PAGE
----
NEWS on Monday night that the Oxford AstraZeneca vaccine will no longer be given to people under the age of 60 may mean that hopes for a summer exit from lockdown could be dashed.
We were all looking forward to a return to normality and a chance to interact with our families, friends and communities by the early months of summer.
Certainly Monday's easing of restrictions to allow for a return back to school for all students and the recommencement of residential construction work was very welcome.
Most welcome of all was the lifting of the hated 5km travel limit though many did not exactly stick to the letter of the law in the case of this restriction.
And no doubt many of us looked on with envy to England and Wales where hair dressers, pubs and gyms, among other amenities and businesses, were back in business on Monday.
Of course the Government must take the advice of health experts in relation to the AstraZeneca vaccine on board.
The National Immunisation Advisory Committee said on Monday the decision to restrict the vaccine to the over-60s was due to the linking of very rare and unusual blood clots in people who received the jab.
The committee' chairperson, Professor Karina Butler said: “While it is extremely rare, consideration must be given to the fact that it has a very high risk of death of sever outcome.”
The decision now means that the Government and the HSE must complete a major overhaul of the vaccine roll-out plan.
If everything runs smoothly the decision should not result in an inordinate delay as the health authorities have many other vaccines available to them.
Such a scenario is unlikely as the vaccine roll-out to date has been beset with difficulties, which is not to be unexpected in such a mass programme involving the entire population of just under 5m people.
But we can take some heart from the comments of deputy chief medical officer, Dr Ronan Glynn on Monday night that it is hoped the decision will not have a significant effect on vaccine distribution.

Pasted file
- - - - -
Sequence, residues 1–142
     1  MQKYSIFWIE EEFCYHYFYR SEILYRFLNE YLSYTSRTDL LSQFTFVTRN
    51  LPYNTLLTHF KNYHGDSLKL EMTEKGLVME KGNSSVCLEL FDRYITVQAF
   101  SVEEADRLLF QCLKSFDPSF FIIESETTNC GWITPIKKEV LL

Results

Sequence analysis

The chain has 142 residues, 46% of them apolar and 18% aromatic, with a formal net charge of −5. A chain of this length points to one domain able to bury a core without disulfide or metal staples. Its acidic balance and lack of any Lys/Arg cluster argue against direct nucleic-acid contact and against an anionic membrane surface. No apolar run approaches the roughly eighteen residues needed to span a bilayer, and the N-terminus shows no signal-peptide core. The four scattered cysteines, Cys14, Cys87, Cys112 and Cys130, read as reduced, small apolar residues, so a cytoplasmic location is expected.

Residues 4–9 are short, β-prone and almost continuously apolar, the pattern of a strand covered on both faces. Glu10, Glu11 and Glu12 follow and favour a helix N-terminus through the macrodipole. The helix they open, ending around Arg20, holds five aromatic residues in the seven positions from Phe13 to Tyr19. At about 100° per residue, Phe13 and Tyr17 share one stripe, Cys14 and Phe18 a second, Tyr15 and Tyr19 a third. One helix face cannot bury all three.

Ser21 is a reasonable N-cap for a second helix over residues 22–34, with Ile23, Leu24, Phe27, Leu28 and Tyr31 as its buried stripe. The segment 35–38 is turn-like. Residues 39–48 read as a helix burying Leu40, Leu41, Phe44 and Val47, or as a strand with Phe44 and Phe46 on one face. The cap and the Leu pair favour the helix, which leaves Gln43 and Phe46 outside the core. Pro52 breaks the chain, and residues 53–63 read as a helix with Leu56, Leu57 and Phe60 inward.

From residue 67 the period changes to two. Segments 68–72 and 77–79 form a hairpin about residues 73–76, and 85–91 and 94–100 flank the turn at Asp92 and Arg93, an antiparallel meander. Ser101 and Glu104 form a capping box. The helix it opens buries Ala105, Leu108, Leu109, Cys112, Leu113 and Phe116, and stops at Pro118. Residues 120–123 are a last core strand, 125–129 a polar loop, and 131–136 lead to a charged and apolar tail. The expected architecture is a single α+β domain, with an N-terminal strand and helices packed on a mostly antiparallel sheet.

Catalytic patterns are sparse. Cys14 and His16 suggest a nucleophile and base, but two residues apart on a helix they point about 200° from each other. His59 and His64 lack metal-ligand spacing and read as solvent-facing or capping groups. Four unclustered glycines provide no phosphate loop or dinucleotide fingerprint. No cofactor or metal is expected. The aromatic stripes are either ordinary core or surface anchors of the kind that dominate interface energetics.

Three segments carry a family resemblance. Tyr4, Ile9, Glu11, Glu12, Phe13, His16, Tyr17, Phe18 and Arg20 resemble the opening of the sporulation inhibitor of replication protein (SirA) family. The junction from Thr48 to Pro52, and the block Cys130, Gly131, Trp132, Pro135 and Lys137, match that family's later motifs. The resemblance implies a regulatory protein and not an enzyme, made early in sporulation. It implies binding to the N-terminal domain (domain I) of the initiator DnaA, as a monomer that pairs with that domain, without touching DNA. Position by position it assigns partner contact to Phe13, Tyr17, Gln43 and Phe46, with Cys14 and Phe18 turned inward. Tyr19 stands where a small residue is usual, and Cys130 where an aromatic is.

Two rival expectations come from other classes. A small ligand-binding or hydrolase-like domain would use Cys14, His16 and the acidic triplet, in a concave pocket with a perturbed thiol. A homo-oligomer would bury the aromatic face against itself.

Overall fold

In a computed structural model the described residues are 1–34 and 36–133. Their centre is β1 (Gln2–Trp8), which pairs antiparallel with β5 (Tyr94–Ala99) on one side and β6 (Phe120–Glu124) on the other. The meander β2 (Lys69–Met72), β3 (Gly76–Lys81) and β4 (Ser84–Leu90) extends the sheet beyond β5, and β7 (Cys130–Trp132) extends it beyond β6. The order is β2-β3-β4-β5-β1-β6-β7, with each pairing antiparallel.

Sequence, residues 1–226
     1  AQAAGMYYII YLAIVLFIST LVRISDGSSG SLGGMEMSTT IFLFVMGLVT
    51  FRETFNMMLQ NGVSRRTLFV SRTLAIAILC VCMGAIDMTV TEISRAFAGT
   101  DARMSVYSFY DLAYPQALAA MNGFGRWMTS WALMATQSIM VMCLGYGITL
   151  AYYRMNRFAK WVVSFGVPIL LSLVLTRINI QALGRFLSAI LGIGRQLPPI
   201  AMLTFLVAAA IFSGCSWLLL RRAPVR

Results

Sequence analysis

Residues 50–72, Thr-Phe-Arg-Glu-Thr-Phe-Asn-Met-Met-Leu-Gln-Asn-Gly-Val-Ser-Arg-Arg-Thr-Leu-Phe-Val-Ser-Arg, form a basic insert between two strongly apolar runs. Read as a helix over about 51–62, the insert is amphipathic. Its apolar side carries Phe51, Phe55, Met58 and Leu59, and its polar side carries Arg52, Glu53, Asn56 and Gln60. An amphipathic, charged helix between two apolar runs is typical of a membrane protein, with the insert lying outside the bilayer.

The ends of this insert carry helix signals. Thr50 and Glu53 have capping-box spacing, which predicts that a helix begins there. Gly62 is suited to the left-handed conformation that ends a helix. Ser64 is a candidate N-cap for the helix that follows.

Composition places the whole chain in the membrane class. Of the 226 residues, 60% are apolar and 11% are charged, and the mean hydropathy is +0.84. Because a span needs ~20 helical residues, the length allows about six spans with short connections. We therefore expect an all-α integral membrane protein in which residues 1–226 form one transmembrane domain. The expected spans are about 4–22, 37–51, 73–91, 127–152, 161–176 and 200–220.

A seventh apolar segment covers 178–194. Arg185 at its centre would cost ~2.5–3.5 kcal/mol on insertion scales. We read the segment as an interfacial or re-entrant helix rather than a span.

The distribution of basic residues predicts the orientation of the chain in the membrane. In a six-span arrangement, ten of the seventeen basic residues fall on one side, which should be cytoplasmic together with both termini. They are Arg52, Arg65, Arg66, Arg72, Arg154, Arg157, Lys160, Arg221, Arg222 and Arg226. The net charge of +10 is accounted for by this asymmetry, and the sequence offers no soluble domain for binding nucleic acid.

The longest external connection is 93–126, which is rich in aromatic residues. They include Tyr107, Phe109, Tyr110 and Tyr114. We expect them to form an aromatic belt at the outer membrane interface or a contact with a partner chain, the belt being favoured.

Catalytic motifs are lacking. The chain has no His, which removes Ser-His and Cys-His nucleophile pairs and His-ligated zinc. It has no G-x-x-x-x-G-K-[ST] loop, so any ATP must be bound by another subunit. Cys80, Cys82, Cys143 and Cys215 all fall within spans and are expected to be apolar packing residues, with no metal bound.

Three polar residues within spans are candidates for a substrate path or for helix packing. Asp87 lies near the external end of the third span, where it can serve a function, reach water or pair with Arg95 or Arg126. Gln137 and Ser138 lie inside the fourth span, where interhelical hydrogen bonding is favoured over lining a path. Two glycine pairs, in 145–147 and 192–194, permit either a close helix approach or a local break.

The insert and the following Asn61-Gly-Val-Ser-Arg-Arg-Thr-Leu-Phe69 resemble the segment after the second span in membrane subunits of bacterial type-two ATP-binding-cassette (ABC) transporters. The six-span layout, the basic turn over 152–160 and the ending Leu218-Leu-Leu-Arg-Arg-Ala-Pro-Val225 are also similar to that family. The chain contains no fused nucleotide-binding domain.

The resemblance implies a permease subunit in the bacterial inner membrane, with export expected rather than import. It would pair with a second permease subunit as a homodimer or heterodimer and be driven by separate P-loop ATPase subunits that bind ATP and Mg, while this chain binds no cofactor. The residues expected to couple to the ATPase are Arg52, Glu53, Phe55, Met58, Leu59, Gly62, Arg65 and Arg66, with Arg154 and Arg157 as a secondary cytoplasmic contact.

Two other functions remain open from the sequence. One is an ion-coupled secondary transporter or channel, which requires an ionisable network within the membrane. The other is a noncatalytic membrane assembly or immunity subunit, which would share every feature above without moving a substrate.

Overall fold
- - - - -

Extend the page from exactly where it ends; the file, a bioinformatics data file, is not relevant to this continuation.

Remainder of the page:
About 15,000 people who were due to receive the AstraZeneca vaccine yesterday (Tuesday) had their appointments cancelled due to the decision.
But most people who received a first dose of the vaccine will get a second one within a three-month time frame apart from those who are not in the “very high” or “high risk” categories.
To date most people who have received this vaccine work in the health service or are a high risk of Covid due to underlying conditions.
The decision regarding the vaccine here has been mirrored in many other European countries and in the United States where experts do not envisage the AstraZeneca vaccine being used in the country.
Health experts in this State now face a major job of work in reorganising the vaccine roll-out programme.
Despite all the setbacks the public has been generally supportive of restrictions during this period of lockdown which virtually everyone agrees must be the last.
But the promised light at the end of the tunnel and return to normal life is being pushed further and further out due to the various set-backs with the vaccine roll-out programme.
People's patience will not last forever.
It is imperative that the current issue be resolved as quickly as possible so that a summer end to lockdown becomes a reality.